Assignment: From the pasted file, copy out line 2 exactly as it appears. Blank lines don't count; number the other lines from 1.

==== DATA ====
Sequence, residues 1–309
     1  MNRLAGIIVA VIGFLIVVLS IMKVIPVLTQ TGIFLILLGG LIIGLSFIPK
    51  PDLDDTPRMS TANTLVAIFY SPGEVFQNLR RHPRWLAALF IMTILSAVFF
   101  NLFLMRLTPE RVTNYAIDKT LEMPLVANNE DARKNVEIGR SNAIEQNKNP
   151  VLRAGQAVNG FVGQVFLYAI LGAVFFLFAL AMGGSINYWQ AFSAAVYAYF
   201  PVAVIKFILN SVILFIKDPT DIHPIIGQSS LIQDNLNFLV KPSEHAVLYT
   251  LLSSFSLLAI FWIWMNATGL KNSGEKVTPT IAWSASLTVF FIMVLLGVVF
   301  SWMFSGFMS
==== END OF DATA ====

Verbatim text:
     1  MNRLAGIIVA VIGFLIVVLS IMKVIPVLTQ TGIFLILLGG LIIGLSFIPK